If little steps are what it takes to lay the road to a successful career in life, then the gait with you take each step, matters. A lot. This holds true in real life and in all steps that you take towards a career.
And that’s the arc we are trying to chart out today, through a journey that most job aspirants go through in college – campus placements. While we have covered the basics on the placement exercise, which conventionally takes places in the last two semesters of your college (generally semester 7 and 8 in an engineering college), it’s time to take the dialogue further.
Preparation Tips for Campus Placements
A step-by-step list of preparation tips and strategies (when it comes to campus placements), can be broken down by each stage of this process. While we promise to dive deeply into some of these segments individually in our subsequent blogs, here is a condensed version of these strategies – in one place.
1. Aptitude Tests:
A skill assessment test, often in the form of an aptitude gathering exercise is a formative first step in most of the campus placement exercises. Be it a pen and paper exercise (often a multiple-choice questionnaire with an OMR sheet) or a computer-aided test, executing one flawlessly requires preparation in the right stream.
In an earlier exploration, we laid out 15 preparation strategies for skill assessment tests. Here we lay down the 5 basic steps you need to take to perfect your preparation:
a. Know what you’re being tested for:
Generally, aptitude tests and skill assessment exercises cover the following areas:
We have earlier understanding these areas in the perspective of the AMCAT Test, the syllabus, sample papers and more, this time, it is imperative to take a step back. Know why you’re taking the test and what combination of traits from your assessment would translate best for you (Nods to traits from assessment tests – thanks, Harvard Business Review)
And then, move to the next step.
b. Gather opinions:
Talk to test-takers who have gone through an earlier exercise for the company or role that you’re slated for. Each company, individually, looks for dominance in particular traits, especially soft skills like Learnability.
c. Practice. A lot:
Take practice runs for all of these skill assessments, by accessing different mock tests for these areas. Go through your feedback reports and make a conscious effort in improving on recurring weaknesses. Apart from online skill assessments, consider working with resources like Practice Set books, practice papers and sample papers.
d. Work on core subjects, equally:
Different companies (technical and non-technical) give different weightage to skill assessment modules. However, one cannot forget that your competence in your core subject will remain at the centre of your chances to make it to round 2 (you have been studying it for some time!)
e. Take Feedback seriously:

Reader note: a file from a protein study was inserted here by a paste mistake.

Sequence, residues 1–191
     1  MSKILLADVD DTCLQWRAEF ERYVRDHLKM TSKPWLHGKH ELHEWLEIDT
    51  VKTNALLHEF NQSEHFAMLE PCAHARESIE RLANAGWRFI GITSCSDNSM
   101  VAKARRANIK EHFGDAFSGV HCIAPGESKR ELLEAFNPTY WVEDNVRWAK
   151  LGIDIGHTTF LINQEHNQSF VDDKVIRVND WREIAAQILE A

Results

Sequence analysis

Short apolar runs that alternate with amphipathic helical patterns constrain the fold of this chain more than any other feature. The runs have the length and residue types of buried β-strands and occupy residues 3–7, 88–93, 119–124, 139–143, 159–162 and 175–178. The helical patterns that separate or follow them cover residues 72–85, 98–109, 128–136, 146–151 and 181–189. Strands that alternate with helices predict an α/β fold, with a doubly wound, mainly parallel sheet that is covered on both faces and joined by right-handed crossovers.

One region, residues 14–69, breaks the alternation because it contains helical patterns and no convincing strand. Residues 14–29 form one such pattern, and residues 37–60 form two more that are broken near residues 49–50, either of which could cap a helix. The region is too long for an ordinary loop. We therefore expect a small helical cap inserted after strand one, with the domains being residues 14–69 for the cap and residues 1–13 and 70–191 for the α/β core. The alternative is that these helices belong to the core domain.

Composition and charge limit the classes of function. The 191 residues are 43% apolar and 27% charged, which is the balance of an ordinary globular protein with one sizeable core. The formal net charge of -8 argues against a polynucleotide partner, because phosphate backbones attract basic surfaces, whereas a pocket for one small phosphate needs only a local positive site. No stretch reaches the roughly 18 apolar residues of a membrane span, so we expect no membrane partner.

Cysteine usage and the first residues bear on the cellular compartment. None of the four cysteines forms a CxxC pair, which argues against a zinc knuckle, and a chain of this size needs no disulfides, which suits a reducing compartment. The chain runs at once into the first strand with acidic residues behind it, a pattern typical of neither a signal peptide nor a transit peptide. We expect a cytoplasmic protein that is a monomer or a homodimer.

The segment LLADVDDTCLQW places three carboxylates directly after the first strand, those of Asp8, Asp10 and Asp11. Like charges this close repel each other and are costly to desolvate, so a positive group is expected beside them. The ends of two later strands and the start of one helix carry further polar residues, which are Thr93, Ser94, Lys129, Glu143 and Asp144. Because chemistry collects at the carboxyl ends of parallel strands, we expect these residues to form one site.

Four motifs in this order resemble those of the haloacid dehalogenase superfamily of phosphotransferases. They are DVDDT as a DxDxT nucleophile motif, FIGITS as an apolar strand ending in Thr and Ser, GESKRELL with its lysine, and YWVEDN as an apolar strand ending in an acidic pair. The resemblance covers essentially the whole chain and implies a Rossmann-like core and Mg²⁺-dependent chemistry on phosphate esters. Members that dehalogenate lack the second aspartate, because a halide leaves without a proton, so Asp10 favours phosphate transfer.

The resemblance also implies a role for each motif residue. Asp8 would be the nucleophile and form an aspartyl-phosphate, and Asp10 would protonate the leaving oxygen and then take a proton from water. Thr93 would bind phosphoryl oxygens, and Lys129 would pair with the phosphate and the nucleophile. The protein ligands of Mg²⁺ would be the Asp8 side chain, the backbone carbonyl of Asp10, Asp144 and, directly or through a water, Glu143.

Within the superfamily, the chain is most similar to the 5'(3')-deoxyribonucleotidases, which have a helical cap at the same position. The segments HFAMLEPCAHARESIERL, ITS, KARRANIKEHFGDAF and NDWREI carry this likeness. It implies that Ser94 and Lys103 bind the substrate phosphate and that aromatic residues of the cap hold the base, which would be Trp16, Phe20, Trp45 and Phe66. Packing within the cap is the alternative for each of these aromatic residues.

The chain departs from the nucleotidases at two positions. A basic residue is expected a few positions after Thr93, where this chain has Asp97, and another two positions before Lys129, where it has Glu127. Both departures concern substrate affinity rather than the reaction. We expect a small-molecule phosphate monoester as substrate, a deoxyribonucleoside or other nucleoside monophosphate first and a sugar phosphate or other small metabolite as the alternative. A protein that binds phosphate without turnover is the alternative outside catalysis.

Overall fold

Most of the mock tests and exercises end on score aggregates and feedback outlines. Go through yours in depth, take notes and work on your preparation accordingly. And then refine your answers accordingly.
This, in fact, is an observation which we have seen from our AMCAT test takers as well, especially those who give the campus variant of the AMCAT test – choosing to give the test two times and improving on inputs from the first session’s feedback report.
2. Group Discussion:
A group discussion round, in a campus placement exercise, is a round where the interviewer/interviewers get to observe a set of candidates and see how they would react in situations or communicate over their convictions in a problem-solving mode. Preparing for these requires work on these aspects:
a. Clarity of thought:
Comprehension of a situation, working through a logical argument and presenting it adequately are the three traits you need to showcase in this case. And how do you do that? Constant work on your thinking processes and a solution-based thinking approach take time to build – start with treatise like the critical thinking approach and move towards an analysis-based approach in real life.
b. Work on your communication skills:
Clear presentation of your ideas and thought process is the automatic step 2 for any group discussion. Ace yours by working with these factors in mind:
- Who is your audience
- What is the problem you’re discussing
- What is the language (tone, jargon) that you’re communicating in
- Who benefits from a solution and how does yours impact them
- What are the salient points that everyone else is raising
c. Address issues in comprehension:
A GD isn’t just about presenting your viewpoint – it’s a mindshare, a conversation, aimed at coming up with the best possible solution to the situation at hand. And to ace that, you need to take notes. The mental kind. Immediately.